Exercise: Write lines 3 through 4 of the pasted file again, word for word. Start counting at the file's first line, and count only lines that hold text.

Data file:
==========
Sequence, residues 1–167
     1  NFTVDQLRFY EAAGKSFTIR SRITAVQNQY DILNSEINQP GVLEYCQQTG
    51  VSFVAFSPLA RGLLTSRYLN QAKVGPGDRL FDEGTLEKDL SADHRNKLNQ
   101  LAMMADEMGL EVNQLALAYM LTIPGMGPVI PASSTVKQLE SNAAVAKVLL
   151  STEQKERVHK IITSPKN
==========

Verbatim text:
    51  VSFVAFSPLA RGLLTSRYLN QAKVGPGDRL FDEGTLEKDL SADHRNKLNQ
   101  LAMMADEMGL EVNQLALAYM LTIPGMGPVI PASSTVKQLE SNAAVAKVLL